MERCER – Three Sharon police officers have been cleared of any wrongdoing in the Jan. 6 shooting death of 23-year-old Sean Hake.
Mercer County District Attorney Miles K. Karson Jr. announced Tuesday at a news conference in the courthouse that no charges would be filed against the police officers. Karson said he made the decision after he and others in his office independently reviewed the report from the state police investigation.
“The circumstances in this particular case right from the get-go were life and death, based on the actions of Sean Hake,” Karson said. “The police officers reacted to the circumstances that were created by Sean Hake.”
Karson said police were told that night that Hake had held a utility knife to his mother’s neck and threatened to kill her.
When police got to the Tamplin Street house, Hake was sitting in a car in the alley next to the house. Hake was holding a utility knife and blood was dripping from his wrist, Karson said.
The officer thought Hake might have been stabbed and called for an ambulance, Karson said. The officer tried to talk to Hake and then Hake got out of the car and quickly moved toward him.
“Officer one gave clear and concise commands to drop the knife and get onto the ground,” Karson stated.
Two more officers pulled up and commanded Hake to drop the weapon, the DA said. Hake again moved quickly toward the first officer, getting within 7 to 10 feet of him while waving the knife in his direction.
Karson said the officer backed away and Hake said, “You are going to have to kill me or I am going to kill you.”
Another of the officers yelled to Hake and Hake turned his attention to him, coming within 6 or 7 feet of him, Karson said.
Hake refused to drop the knife when commanded and kept coming at that officer, who shot Hake twice; Hake continued to come at that officer with the knife in hand, Karson said.
“The officer fired a third shot, which stopped Hake,” the DA said.
An officer performed CPR on Hake until the ambulance arrived, Karson said.
Hake died in St. Elizabeth Health Center, Youngstown.
Karson said an autopsy showed that – in addition to the three gunshots in Hake’s torso – there were self-inflicted cuts to his wrists and throat.
During the news conference Karson was asked whether the investigation looked into why police did not use a Taser to subdue Hake.
“We considered everything as part of our investigation,” Karson said. “By all measure, when Sean Hake exited that vehicle and brandished a knife, that set the tone of the encounter.”
Officers wear the electronic shocking devices as part of their normal equipment, Karson said.
“The police officers reacted to the circumstances that were created by Sean Hake,” Karson said. “Of course they didn’t use (Tasers), nor should they have under the circumstances of this particular case.”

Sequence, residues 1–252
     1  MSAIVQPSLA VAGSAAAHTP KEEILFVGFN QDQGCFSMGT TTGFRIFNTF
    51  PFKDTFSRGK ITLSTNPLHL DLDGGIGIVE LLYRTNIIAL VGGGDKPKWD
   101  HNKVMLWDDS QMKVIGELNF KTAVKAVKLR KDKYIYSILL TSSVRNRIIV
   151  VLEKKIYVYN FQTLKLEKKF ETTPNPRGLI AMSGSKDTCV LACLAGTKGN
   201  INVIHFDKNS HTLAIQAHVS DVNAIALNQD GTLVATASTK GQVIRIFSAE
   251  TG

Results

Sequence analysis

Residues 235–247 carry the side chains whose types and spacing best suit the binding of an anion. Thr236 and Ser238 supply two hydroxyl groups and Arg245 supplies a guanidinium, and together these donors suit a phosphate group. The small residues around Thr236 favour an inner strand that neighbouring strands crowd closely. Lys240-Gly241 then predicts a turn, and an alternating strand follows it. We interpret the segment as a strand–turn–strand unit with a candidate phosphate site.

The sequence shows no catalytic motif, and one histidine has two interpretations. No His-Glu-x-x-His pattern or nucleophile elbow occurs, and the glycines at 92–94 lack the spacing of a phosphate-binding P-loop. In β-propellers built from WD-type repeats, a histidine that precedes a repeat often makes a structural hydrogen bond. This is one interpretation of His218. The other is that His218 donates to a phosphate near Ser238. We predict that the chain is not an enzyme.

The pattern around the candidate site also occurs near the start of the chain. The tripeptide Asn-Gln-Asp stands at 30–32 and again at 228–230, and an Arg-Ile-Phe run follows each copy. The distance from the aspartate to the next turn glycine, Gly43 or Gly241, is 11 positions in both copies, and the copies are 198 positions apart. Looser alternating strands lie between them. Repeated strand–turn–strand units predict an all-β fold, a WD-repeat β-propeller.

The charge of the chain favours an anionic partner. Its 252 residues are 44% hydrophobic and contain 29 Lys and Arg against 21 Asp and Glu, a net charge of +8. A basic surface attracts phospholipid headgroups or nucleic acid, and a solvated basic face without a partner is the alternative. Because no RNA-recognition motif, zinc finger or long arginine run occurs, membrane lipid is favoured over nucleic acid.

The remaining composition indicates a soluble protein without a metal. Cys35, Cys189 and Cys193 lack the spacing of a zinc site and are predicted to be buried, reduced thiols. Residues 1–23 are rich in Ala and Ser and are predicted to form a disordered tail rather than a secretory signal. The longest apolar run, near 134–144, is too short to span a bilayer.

But “the family has a different take,” said their attorney, Frank Moore, a personal injury lawyer from Pittsburgh.
Moore said after the news conference that the family believes deadly force was not warranted.
“Sean’s had a sad and tragic life,” Moore said. “Unfortunately, Sean had these mental health illnesses that he had lived with for quite some time.”
Moore said Sharon police knew Hake’s history, having dealt with the family many times in the past.
According to court records, Hake’s mother had a Protection From Abuse order against her transgender son, issued by a Mercer County judge in June 2015.
Hake was arrested at least twice for violating that order, according to court records, the latest time on March 21.
“So it was something that the Sharon police obviously knew about and the family had lived with,” Moore said. “And so it was not an odd or unusual isolated circumstance. These people had dealt with that family. I’m sure they didn’t like dealing with the family.”
Moore said he didn’t know if the mental health issues had to do with Hake transitioning from a woman to a man.
“I don’t know if that was it, because this has been going on for quite some time – many years,” Moore said. “There’s been involuntary commitments in the past but never a situation where’s there’s been any use of weapons or deadly force.”
The officers involved have been on administrative leave since the night of the shooting, Karson said.
Sharon police Chief Gerry Smith was called to the scene, and the three officers were immediately removed from the scene and separated, Karson said.
“It was protocol that the officers involved were placed on administrative leave during the investigation,” Smith said Tuesday.
Smith went on to say that Pennsylvania State Police were immediately called to lead the investigation, “in an effort to remain completely transparent to the community that we service.”
Even though the investigation is concluded the officers won’t be back to work right away. “There are some administrative procedures that need to be completed before the officers can return to full duty,” Smith said
Moore said he does not know if the family is planning to file a lawsuit.
“I’ll talk to them, we’ll look at all the evidence and they can make their decision,” Moore said. “But right now none of that’s been contemplated.”
Moore said that Hake’s mother, Cynthia Loya, is distraught.
“She heard the shots, and that was a big issue. She heard three rapid shots,” Moore said. “She did not hear two shots, a break and then a third shot.”
“(Loya) could not come in today, and it’s been very difficult,” Moore said.
The Herald live streamed the news conference on www.facebook.com/sharonheraldnewspaper